"First of all, we know that she does not speak for the entire trans community," Byers said. "She, because of her celebrity status, was kind of placed in that position. 

"And we've seen, over the years that she has brought some attention, especially to some of the struggles with trans youth, but oftentimes her celebrity status becomes the one thing she is most interested in," she added.  

Jenner, a registered Republican, openly supported Trump during his 2016 campaign for office, Byers pointed out. After Trump was elected, however, Jenner spoke out against him when he barred trans people from serving in the US military. In 2018, she penned an op-ed in The Washington Post admitting she'd been wrong about Trump.

"Her statement really just seems to be more of: I'm Caitlyn Jenner. Look at me, pay attention to me," Byers said. "We're talking about values of the trans community. She does not represent the thoughts and thinking of the majority of people who are transgender." 
Stephanie Byers
Educator of the Year honoree Stephanie Byers accepts her award at the GLSEN 2018 Respect Awards at Cipriani 42nd Street on May 21, 2018 in New York City.
Dia Dipasupil/Getty Images for GLSEN

"No one can accuse her of being anti-trans or interested in causing suicides, or whatever accusation they had of me for that," Senate President Ty Masterson, a Republican, said Monday before the vote, according to The Associated Press.

In vetoing the bill on April 22, Kelly, a Democrat, wrote the "legislation sends a devastating message that Kansas is not welcoming to all children and their families, including those who are transgender — who are already at a higher risk of bullying, discrimination, and suicide."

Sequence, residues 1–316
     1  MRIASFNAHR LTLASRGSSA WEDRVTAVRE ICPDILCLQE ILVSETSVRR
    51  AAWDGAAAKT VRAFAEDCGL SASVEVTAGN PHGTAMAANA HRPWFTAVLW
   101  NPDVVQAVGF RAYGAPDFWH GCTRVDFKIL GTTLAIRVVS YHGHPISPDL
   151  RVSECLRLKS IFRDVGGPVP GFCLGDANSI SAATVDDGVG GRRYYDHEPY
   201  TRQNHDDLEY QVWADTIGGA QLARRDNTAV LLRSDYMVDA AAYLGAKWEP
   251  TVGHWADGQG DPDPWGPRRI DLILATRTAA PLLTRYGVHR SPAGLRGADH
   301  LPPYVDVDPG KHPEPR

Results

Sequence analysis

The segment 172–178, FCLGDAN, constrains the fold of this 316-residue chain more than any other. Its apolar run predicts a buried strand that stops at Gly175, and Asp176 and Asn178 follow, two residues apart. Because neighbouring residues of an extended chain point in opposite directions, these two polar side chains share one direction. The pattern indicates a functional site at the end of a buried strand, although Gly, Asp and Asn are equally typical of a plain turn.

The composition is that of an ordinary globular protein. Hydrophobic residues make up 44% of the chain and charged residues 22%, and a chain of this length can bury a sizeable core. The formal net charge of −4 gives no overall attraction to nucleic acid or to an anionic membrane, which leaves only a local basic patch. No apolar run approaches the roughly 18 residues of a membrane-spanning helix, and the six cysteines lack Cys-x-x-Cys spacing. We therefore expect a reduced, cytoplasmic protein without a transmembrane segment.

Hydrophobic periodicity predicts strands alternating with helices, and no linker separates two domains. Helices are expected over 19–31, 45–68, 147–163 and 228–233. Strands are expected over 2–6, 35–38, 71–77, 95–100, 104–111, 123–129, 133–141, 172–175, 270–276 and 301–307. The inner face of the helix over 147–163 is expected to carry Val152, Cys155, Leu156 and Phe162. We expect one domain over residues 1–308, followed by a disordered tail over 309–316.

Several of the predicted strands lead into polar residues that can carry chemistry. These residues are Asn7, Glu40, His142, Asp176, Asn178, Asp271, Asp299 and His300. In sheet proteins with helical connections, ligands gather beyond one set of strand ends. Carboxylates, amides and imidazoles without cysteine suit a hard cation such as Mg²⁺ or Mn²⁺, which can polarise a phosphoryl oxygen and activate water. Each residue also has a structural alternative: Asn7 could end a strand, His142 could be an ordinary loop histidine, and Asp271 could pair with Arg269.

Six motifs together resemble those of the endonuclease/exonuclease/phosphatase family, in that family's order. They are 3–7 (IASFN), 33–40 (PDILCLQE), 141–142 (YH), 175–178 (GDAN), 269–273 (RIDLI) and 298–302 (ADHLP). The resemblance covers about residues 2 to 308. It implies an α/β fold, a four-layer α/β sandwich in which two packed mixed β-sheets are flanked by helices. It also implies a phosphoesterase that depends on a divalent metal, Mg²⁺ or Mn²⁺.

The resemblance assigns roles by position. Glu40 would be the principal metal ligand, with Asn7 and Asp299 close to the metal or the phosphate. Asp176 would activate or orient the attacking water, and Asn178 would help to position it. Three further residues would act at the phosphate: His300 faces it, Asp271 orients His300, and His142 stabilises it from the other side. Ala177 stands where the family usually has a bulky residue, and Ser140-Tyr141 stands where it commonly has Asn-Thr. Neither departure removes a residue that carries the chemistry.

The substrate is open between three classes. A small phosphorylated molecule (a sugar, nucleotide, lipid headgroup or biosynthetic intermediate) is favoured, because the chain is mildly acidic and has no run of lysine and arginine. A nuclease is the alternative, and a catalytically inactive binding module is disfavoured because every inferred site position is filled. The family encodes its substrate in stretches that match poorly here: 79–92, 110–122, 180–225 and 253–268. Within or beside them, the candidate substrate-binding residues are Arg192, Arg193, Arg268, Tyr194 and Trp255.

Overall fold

More than half of transgender and nonbinary youth have said they've considered suicide, according to a 2020 survey by The Trevor Project. And 86% of LGBTQ youth in the same survey said "recent politics have negatively impacted their well-being." 

But the bills also come at a time when there are more LGBTQ people in government in the US than ever before. Byers last year was part of a group of lawmakers across the US who won in a phenomenon dubbed the "rainbow wave" (it was more a "splash" than a wave.)

In total, according to a report from NBC News, more than 200 LGBTQ candidates celebrated victory on Election Day last year. Winners included the first out Black gay member of Congress and the first out nonbinary state legislator.

Byers, a former teacher and band director last year won her race by 11 percentage points. She said these types of bills targeting trans youth are part of the religious right's reaction to clearly shifting societal attitudes and acceptance of members of the gay and trans communities. 

First, conservatives opposed gay marriage. When the Supreme Court legalized that in 2015, they focused on bills that attempted to police the restrooms used by trans people, she said. Then, those failed.

"It's this repeated pattern of attacking the LGBTQ community by the same group," Byers said. "I think this is a reaction to seeing our country become more accepting of the LGBTQ community. For this other side — this conservative, religious-based side — these are their last digs at trying to stop the tide that's going to keep coming on."